(CNN) – Thousands of residents and tourists are fleeing Australia’s southeast coast as deadly wildfires spread and the death toll continues to rise.
Evacuations are underway in the state of Victoria and New South Wales, with authorities warning that weather conditions are expected to deteriorate significantly this weekend — raising the fire danger even further.
The NSW Rural Fire Service has set up a “Tourist Leave Zone” from Batemans Bay in NSW down to the Victoria border. They are urging all visitors to evacuate before Saturday, when temperatures above 40 degrees Celsius (104 degrees Fahrenheit), dry conditions and ferocious winds are expected to heighten the risk of further blazes.
“These will be dangerous conditions,” the fire service warned. “Do not be in this area on Saturday.”
There were similar weather conditions on Tuesday, which led to massive fires spreading out of control. Seven people died from the fires within 24 hours. Conditions improved slightly on Thursday — creating a small window of opportunity for people to evacuate before the situations worsens again Saturday.
Residents on Thursday are heeding the warning. Highways out of Batemans Bay and Nowra, both close to large fires, are packed with long lines of cars waiting to leave.
Tens of thousands of people are estimated to be in the region, home to coastal towns and villages that swell in population during summer.
Evacuation is more difficult in some towns where roads have been closed and the communities cut off. In Victoria, there are 24 such isolated communities, according to state Premier Daniel Andrews — including the beach town of Mallacoota, where thousands of residents fled their homes to seek refuge at the seaside on Monday.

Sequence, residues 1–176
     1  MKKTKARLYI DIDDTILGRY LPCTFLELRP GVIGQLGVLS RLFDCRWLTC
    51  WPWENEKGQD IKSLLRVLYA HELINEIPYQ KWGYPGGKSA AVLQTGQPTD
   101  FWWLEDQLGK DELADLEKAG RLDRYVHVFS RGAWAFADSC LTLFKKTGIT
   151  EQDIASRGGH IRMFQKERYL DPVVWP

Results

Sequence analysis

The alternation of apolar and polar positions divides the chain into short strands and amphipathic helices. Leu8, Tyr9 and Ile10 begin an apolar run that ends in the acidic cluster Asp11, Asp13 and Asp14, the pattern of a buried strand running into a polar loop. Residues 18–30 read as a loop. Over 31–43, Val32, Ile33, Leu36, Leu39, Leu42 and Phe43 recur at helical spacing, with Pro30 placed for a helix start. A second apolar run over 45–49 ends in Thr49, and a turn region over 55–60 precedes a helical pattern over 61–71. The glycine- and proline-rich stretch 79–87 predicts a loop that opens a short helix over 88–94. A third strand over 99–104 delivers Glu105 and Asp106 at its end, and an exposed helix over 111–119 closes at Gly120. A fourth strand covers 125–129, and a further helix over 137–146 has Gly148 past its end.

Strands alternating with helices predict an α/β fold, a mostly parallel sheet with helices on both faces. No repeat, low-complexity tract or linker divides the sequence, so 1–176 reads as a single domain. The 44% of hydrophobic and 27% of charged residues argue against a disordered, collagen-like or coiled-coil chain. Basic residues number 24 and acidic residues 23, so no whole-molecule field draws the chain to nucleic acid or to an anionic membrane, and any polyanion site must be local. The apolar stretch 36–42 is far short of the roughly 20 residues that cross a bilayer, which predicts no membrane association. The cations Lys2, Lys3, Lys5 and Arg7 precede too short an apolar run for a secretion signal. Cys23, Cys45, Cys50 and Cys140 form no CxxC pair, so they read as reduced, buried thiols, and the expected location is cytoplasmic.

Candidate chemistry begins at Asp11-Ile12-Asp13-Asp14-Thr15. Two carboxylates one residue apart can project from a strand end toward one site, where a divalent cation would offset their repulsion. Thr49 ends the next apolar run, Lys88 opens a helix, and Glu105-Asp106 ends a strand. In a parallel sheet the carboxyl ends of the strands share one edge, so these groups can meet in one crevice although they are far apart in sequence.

State authorities are working to evacuate residents in these cut-off areas. In Mallacoota, a navy vessel will make multiple trips on Friday to transport up to 800 residents and tourists to an unspecified safe location, Andrews said Thursday. Air evacuations could also happen once dense smoke begins to move away from the area.
Article Continues After Advertisement
Prime Minister Scott Morrison said Thursday that the federal government was also sending resources when requested by states, including additional funding and military support from the Australian Defence Force. He warned that many areas were difficult for emergency personnel to safely access, and urged residents to remain calm and patient.
The Australian bushfires have been burning for months now, and aren’t likely to stop anytime soon — Australia is still in the early months of summer, and temperatures typically peak in January and February. “The fire season still has a long time to run,” Morrison said in a news conference.
A total of 17 people have died across the country so far, with the most damage concentrated in NSW. Across the state, nearly 1,300 homes have been destroyed and another 442 damaged, according to the Rural Fire Service. Fires have consumed entire towns and ripped through bushland; the strong winds frequently change directions, which fan the flames and carry embers far distances.
The changing winds are forecast to continue from Friday into Saturday, hampering firefighting efforts and causing uncontained fires to spread, according to CNN meteorologists. Meanwhile, air quality will continue to deteriorate in Canberra, Sydney and Melbourne, large urban hubs smothered in thick smoke and haze. Conditions aren’t expected to improve until Monday, when rain could bring some relief.
Australia typically has a fire season during the dry, hot summer — but this year’s weather conditions are more extreme, leading to more devastating blazes. The country is gripped by one of the worst droughts in decades, and a heatwave broke nationwide records in December.
Experts say climate change has worsened the scale and impact of the fires, and many have accused the Morrison administration of not doing enough to address the climate crisis. In December, a woman dumped the remnants of her fire-ravaged home in front of the Australian parliament, accusing Morrison and lawmakers of failing to act.
On Thursday, Morrison said the government aimed to “meet and beat our emissions reduction targets” — but added that it would stick to “sensible” policies that “don’t move toward either extreme.”
“The suggestion that there is a single policy, whether it be climate or otherwise, (that) can provide a complete insurance policy on fires in Australia — well, I don’t think any Australian has ever understood that was the case in this country,” he said.
TM & © 2020 Turner Broadcasting System, Inc.
A Warner media Company.
All Rights Reserved.